The stately lions, Patience and Fortitude, that have guarded the New York Public Library's Stephen A. Schwarzman Building on Fifth Avenue since 1911 will be going into hibernation on September 2nd. The library announced today that the most iconic duo will be "cleaned, repaired, and conserved over nine weeks," and during that time they will be covered up. The $250,000 project will be paid for by "a grant from The New York Life Foundation and donations from hundreds of New Yorkers."
How does a bath cost this much, you may ask? Well, it's a laser bath, a cleaning process that will aid in the repair of cracks and chips. And given their location (this dirty city) and given that pigeons love to roost atop their manes, they need to undergo cleaning every 7-10 years (they were last cleaning in 2011).
(Courtesy of the New York Public Library)
While the lions have become some of the most beloved fixtures in the city's landscape, they were not so adored when they first arrive over 100 years ago. According to the NY Times, New Yorkers called them "squash-faced, mealy-mouthed and complacent," and one man wrote a letter declaring: "We do not want square-jawed lions."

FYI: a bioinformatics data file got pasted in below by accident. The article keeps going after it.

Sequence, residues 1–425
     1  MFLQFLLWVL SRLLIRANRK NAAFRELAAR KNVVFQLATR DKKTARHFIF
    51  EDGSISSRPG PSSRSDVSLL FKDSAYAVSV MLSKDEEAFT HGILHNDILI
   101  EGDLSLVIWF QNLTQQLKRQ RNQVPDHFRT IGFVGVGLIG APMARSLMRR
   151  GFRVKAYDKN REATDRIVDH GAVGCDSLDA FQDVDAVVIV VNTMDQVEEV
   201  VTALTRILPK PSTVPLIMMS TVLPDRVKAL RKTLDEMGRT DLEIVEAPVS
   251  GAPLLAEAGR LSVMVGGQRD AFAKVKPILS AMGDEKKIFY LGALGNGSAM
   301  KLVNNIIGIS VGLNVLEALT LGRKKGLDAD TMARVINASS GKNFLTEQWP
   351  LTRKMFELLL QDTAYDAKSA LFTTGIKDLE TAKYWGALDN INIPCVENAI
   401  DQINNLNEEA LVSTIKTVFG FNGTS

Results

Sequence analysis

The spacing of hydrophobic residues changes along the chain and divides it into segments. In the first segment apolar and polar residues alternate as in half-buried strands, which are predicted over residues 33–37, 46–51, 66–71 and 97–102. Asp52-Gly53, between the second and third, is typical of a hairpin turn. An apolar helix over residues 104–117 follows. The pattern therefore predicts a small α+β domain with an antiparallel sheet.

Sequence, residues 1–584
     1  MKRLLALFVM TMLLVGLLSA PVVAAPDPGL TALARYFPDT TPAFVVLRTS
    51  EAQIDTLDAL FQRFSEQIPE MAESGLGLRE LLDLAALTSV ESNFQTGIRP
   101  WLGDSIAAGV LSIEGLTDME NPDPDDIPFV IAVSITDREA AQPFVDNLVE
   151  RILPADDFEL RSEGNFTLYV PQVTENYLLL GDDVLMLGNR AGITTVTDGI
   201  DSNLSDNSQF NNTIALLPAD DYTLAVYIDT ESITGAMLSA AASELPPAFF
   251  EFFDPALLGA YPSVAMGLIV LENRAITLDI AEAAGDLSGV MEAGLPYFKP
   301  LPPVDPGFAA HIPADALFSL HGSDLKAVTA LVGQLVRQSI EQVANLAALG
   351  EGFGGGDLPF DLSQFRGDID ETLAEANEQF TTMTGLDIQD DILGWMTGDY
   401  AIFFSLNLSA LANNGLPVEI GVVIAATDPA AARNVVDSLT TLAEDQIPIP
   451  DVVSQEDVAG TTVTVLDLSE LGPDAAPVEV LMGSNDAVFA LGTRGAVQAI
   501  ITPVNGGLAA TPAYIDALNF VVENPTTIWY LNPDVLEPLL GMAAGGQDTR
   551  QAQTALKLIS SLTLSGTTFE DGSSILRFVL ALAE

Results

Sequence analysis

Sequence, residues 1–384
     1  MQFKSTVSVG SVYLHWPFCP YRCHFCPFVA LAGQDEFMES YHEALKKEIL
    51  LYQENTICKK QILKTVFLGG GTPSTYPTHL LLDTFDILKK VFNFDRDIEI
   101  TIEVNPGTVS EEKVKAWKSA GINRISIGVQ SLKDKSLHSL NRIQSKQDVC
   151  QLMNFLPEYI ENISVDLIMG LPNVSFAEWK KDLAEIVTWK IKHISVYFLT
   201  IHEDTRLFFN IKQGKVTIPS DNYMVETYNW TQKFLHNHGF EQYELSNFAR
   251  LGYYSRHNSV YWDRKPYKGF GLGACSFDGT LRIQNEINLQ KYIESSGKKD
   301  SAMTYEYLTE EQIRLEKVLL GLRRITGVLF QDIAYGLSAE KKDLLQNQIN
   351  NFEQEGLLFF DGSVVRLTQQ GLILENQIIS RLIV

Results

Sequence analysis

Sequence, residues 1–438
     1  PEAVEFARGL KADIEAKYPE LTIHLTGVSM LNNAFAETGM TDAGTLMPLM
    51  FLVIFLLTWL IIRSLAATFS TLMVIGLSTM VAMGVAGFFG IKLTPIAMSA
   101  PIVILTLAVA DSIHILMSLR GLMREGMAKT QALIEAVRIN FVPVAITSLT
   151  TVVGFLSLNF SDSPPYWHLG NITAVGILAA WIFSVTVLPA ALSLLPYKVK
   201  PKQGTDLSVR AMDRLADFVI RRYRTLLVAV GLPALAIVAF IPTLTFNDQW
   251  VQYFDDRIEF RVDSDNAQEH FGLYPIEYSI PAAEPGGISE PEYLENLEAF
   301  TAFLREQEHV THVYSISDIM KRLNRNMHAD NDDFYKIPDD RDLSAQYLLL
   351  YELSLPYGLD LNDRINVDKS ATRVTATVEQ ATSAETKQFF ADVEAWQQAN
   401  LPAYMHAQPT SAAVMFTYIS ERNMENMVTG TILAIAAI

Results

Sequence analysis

At the time they were called Leo Astor and Leo Lenox, according to the NYPL, after library founders John Jacob Astor and James Lenox. Later they were known as Lady Astor and Lord Lenox, and in the 1930s they finally got names that stuck: Patience and Fortitude. They were named such during the Depression by Mayor Fiorello LaGuardia "for the qualities he felt New Yorkers would need to survive the economic depression." Patience is on the south side, and Fortitude is to the north.